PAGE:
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Racism Alleged at Ford in Britain

October 22, 1999

LONDON (AP) _ Ford Motor Co. chief executive Jac Nasser plans to meet Saturday with British union leaders to try to resolve complaints of racist treatment and bullying of minority workers at Ford’s biggest car plant in Britain.

Nasser agreed to meet in London with Bill Morris, head of the Transport and General Workers Union, and other union officials, Ford spokeswoman Anne-Marie Chatterton said Friday.

The two sides hope to defuse tensions at the company’s factory in Dagenham in east London, where at least 800 employees walked off their jobs earlier this month to protest alleged abuses by some plant foremen.

The spontaneous, one-day walkout halted production of Ford Fiesta models bound for sale in Europe, Latin America and Asia.

Nasser’s personal involvement underscores the gravity of the problem.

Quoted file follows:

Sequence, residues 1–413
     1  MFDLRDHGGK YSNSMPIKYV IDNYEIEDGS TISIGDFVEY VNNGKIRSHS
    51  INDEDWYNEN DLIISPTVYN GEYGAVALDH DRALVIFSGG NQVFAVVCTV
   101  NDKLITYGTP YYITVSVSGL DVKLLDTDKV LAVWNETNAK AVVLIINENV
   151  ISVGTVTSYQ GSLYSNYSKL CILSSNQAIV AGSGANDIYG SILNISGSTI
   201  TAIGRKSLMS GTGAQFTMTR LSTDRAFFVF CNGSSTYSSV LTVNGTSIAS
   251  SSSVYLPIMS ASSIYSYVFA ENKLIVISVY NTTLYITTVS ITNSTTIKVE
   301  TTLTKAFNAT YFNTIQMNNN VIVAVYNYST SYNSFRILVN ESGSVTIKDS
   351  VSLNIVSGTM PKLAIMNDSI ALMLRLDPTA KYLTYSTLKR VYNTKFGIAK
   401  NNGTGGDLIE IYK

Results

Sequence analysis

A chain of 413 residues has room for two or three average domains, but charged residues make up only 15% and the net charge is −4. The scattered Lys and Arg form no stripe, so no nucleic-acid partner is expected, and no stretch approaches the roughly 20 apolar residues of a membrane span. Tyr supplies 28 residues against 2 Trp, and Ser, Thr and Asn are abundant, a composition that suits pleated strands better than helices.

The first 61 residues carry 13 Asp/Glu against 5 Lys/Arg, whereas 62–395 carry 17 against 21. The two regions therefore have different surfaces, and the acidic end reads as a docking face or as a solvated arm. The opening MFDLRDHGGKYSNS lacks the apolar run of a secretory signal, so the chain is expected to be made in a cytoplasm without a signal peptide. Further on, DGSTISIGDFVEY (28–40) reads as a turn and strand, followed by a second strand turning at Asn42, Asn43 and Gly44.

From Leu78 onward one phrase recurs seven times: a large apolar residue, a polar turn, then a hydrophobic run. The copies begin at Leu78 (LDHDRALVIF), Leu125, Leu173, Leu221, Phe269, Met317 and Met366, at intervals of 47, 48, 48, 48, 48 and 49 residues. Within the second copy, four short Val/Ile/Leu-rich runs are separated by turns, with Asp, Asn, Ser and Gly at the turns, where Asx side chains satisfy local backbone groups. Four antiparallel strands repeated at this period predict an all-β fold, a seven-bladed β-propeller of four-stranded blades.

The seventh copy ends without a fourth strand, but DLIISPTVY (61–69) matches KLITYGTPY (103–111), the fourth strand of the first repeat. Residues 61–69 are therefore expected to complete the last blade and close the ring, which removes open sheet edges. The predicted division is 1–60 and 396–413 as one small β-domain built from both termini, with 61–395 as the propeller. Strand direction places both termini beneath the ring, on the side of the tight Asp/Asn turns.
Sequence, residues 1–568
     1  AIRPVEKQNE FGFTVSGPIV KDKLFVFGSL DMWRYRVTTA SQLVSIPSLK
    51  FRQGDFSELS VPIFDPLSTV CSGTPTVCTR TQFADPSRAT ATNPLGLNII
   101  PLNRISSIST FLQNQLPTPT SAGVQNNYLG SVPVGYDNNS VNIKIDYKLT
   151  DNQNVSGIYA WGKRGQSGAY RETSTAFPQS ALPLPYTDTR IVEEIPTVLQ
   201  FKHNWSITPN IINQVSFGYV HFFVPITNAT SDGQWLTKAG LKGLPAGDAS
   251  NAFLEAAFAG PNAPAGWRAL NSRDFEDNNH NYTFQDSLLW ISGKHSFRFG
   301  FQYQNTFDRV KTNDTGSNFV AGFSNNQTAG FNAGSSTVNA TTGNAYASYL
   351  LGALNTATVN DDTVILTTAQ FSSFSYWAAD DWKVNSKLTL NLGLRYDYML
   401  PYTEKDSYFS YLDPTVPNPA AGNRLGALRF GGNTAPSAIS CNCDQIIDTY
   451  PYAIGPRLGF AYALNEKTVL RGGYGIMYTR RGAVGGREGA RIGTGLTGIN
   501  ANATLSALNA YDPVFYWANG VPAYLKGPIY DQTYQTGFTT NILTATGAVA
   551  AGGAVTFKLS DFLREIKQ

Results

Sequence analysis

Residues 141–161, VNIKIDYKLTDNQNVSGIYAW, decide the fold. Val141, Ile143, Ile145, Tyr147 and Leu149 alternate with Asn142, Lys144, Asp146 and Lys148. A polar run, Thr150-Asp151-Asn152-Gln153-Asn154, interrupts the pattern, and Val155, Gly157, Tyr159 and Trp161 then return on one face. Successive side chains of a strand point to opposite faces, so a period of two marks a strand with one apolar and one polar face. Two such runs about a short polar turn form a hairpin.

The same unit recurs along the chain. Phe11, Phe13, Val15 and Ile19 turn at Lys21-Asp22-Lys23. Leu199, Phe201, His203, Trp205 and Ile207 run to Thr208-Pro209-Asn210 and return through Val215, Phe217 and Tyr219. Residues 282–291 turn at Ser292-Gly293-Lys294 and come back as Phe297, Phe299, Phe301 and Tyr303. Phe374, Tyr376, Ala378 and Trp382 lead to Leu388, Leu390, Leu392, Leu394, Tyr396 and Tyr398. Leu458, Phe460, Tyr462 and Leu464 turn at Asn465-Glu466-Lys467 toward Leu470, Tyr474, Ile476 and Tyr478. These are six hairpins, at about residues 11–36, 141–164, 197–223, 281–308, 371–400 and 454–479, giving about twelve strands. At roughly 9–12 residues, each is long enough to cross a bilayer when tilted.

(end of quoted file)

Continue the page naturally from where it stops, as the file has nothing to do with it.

``Obviously, we’re taking this seriously,″ Chatterton said, adding that Ford has a policy of ``zero tolerance″ toward racist behavior at the workplace.

Union officials said the walkout was sparked by a series of incidents. An Asian worker claimed last month that he had been subjected to racist abuse and Ku Klux Klan graffiti. Later, a white foreman allegedly pushed an Asian shop steward.

Union officials asked the government’s Commission for Racial Equality to launch a formal investigation into what the TGW official called a culture of racism at the plant. The TGW represents more than half of the plant’s 4,500 workers.

``Ford takes matters of equal opportunities extremely seriously, and it is our aim to ensure a workplace that is fair and free from discrimination and harassment of any kind,″ said Nick Scheele, president of Ford’s European operations, soon after the strike ended.

Nasser’s meetings are not expected to extend past Saturday, Chatterton said.

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